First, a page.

This year has been one of the driest years on record for the Valley. While the rain was a sight for many, blossoms are signs spring is not far behind.
Ryan Jacobsen said, "Typically the first, second week of February we start to see the earliest blossoms. And from that point forward going through almost March we have different things blooming throughout the Valley."
Fresno County Farm Bureau CEO Ryan Jacobsen says the early variety tree fruit is showing its colors only a few days ahead of schedule. Jacobsen says many in the Ag community had been concerned about a projected freeze for the weekend.
Jacobsen said, "With this storm, we've seen the temperatures go dramatically up so that takes away any of the frost concerns for some of the young, tender buds and blossoms."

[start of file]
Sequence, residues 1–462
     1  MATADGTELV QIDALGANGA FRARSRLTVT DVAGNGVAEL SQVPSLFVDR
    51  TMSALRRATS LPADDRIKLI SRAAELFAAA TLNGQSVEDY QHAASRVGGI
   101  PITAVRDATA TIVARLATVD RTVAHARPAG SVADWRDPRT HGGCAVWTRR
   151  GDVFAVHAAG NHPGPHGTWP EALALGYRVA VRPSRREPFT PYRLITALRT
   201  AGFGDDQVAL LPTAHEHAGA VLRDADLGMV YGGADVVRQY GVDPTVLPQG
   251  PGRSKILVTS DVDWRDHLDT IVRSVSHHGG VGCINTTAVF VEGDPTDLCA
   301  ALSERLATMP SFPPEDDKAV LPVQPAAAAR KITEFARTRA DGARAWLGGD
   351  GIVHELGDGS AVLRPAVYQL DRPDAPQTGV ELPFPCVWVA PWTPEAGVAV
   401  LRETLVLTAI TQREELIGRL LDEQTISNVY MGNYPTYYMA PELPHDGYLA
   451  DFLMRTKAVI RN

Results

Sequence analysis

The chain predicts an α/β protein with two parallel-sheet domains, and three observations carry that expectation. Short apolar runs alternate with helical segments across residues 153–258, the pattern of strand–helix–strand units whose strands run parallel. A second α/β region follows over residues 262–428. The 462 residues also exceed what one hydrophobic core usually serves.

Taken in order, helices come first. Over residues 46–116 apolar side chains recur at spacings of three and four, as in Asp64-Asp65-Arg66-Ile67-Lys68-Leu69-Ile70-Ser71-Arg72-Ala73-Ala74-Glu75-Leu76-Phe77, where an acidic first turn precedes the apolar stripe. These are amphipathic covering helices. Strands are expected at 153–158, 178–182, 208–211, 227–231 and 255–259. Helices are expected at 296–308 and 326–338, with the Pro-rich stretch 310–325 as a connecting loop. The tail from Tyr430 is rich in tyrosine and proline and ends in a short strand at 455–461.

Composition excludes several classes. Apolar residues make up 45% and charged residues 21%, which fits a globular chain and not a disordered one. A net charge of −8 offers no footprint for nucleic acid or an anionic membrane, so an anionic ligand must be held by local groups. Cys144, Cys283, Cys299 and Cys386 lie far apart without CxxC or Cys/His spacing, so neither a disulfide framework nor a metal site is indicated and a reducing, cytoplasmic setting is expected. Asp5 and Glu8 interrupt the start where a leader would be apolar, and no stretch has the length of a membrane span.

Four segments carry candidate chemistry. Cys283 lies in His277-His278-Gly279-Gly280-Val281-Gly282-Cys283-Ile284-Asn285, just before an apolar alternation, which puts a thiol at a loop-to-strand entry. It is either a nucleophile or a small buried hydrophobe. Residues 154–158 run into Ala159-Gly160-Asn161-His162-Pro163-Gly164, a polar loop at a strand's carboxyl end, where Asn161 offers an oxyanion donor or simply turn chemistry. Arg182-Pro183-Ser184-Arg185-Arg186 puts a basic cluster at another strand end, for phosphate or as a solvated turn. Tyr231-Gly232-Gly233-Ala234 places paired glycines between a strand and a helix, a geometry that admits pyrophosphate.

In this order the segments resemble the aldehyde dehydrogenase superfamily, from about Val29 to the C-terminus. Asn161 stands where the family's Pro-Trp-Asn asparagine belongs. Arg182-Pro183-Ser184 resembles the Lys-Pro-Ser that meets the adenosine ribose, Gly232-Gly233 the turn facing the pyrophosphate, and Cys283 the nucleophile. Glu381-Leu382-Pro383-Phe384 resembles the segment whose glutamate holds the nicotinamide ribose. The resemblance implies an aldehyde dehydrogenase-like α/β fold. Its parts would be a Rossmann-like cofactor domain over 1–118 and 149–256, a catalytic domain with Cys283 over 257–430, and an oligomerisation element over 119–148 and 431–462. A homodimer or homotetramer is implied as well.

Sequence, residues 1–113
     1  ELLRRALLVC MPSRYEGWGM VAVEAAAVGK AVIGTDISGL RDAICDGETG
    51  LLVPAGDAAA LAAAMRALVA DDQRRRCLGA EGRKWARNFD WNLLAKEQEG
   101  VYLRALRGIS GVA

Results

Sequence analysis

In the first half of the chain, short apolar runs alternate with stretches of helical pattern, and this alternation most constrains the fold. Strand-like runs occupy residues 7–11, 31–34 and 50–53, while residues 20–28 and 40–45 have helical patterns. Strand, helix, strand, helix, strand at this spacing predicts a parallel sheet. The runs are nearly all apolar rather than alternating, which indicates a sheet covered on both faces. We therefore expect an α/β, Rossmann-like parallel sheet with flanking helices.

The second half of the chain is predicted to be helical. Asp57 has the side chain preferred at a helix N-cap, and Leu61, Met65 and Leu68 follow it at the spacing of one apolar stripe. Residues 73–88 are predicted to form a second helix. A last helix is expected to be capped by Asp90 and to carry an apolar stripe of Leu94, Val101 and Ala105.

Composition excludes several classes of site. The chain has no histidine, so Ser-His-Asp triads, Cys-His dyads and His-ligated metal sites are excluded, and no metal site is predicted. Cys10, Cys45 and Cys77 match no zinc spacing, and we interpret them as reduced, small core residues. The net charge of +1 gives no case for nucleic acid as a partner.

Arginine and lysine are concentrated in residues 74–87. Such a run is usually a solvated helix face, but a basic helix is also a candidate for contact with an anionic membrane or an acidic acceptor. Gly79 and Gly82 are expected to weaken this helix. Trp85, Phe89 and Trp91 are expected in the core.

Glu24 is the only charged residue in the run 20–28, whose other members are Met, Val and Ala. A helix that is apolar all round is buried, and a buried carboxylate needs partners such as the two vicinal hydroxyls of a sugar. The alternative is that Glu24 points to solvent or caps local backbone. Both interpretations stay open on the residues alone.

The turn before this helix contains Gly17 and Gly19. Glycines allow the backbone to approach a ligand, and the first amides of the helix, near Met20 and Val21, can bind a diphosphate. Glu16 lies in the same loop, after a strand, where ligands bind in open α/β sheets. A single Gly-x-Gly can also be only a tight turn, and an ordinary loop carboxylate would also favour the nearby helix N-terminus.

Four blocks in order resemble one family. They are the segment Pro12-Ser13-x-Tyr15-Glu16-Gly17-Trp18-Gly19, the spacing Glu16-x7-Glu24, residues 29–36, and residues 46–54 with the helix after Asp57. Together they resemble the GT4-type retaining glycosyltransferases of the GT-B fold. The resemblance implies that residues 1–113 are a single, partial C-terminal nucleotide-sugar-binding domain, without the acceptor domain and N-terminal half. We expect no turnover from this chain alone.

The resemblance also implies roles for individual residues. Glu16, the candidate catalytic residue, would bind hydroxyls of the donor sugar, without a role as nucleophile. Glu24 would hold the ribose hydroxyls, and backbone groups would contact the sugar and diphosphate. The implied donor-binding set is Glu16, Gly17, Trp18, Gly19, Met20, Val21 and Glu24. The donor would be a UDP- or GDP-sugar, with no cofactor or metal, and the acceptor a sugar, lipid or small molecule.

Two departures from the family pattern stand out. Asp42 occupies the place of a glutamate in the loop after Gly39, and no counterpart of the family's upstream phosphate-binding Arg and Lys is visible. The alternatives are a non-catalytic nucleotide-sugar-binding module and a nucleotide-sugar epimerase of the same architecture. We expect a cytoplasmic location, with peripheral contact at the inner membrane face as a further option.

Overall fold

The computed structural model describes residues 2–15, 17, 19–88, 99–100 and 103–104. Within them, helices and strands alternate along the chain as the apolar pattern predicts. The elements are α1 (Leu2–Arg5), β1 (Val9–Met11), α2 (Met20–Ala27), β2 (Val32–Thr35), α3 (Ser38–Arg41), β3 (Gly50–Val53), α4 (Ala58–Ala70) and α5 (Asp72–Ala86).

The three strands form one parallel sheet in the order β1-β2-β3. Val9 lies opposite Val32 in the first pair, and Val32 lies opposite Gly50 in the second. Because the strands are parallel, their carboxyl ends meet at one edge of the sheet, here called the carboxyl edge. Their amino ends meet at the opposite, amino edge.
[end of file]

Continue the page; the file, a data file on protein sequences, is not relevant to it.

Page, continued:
Farmers also hoping for future systems that will blow in and out and not cause any severe damage to their growing crops. And while weather can be a concern for growers, they say the future of their crops remains the biggest question for now.
"This is a critical time for the Valley when it comes to agriculture, this is when the crop sets," said Jacobsen. "We get to see the gorgeous fruit in the summertime because of the ramifications of that peak bloom period of what fruit is produced there."
Ag officials say they continue to welcome this rain, but as always with the changing conditions this season, they'll have to wait and see what harvest follows these blossoms.